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23 Comments
  1. Goku says:

    Im glad the right decision was reached…eventually. I don’t think we will ever see another Bahrain GP unless a compromise can be reached between the parties, which in itself seems unlikely at the moment.

    1. wayne says:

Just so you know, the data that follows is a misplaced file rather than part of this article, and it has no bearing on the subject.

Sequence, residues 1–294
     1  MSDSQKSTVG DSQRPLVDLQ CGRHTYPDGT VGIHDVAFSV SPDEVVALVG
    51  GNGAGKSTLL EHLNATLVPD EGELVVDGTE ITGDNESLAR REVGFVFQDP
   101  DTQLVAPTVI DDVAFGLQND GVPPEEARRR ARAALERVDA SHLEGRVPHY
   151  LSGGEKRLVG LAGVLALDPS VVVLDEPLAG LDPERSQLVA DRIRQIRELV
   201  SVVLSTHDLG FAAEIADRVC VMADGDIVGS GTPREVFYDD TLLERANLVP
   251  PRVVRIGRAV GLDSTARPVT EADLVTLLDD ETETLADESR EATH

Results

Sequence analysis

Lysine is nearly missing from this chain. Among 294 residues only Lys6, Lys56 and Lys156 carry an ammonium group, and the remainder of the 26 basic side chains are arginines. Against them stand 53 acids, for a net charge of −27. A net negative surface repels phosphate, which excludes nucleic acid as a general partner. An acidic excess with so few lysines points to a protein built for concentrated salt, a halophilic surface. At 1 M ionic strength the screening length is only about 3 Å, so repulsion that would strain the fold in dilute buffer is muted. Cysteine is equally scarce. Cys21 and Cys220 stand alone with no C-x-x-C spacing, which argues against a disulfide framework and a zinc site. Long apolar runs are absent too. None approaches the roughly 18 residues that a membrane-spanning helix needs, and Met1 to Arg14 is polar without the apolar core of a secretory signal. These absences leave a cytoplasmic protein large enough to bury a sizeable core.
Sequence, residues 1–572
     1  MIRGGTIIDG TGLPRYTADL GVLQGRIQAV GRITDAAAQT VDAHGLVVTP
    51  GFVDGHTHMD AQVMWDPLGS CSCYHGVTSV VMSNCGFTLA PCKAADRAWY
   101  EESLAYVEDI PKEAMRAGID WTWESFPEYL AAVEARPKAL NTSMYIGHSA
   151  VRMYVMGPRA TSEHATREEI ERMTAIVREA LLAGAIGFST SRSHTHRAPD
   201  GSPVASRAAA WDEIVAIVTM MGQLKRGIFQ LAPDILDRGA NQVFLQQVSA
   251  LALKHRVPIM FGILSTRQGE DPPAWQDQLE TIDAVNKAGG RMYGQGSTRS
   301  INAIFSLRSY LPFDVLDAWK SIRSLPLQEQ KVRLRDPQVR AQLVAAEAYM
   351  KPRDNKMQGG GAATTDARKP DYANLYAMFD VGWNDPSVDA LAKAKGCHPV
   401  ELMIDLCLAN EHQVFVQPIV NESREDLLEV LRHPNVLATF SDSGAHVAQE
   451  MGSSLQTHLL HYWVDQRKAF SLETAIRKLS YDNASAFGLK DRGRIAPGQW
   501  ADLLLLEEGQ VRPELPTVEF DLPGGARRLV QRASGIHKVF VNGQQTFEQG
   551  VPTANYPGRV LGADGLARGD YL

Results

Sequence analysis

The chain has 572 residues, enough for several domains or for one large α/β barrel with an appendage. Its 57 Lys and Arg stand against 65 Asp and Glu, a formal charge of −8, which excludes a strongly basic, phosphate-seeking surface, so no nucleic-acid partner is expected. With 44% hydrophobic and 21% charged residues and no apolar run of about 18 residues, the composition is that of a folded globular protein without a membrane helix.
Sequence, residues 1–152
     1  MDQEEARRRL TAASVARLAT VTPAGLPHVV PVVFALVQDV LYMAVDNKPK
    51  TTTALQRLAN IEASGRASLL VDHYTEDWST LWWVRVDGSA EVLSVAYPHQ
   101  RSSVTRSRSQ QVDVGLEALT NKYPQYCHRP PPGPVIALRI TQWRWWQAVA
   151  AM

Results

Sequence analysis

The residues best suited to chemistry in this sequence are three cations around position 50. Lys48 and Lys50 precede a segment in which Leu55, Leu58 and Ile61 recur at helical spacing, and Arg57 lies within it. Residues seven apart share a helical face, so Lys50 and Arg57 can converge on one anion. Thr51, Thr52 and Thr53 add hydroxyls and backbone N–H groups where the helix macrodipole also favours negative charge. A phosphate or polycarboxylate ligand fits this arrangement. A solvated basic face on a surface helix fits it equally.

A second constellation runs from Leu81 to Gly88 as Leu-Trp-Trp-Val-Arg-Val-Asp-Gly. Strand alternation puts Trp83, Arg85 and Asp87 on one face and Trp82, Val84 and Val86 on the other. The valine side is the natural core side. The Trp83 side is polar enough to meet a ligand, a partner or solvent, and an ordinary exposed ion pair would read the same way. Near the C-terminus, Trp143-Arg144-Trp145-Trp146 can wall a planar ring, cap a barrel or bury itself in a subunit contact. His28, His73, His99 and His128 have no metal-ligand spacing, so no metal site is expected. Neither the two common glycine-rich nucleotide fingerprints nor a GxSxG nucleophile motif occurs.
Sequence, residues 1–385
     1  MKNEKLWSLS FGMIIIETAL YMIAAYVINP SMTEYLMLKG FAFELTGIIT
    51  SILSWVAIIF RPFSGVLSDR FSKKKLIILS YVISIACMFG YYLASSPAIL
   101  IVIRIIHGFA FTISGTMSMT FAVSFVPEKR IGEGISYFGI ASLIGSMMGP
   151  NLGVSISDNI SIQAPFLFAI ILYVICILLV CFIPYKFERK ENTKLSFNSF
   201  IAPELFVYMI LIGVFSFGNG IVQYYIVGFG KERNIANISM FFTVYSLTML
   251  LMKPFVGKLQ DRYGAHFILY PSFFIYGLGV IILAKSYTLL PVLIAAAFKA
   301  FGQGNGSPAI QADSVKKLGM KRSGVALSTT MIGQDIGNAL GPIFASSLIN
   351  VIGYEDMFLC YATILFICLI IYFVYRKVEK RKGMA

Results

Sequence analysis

So F1 cars, quasi symbols of capitalist freedoms and prosperity, will now not thunder around what is tantamount to a prince’s private race track – a track that the people of Bahrain neither asked for or particularly wanted yet were forced to pay for. While protestors linger in custody and are denied full and fair trials, Scarlet Ferraris and Silver Mercedes will now not, ironically, fill the desert air with the smell of burning oil in the form of petrol. Presumably, the F1 illuminate was hoping that the sound of roaring V10s would have, for one day, drown out the sound of cries of oppression? Sadly, this is not only possible but is likely – the sound of screaming engines and the rustle of billions of dollars changing hands make a pretty loud noise.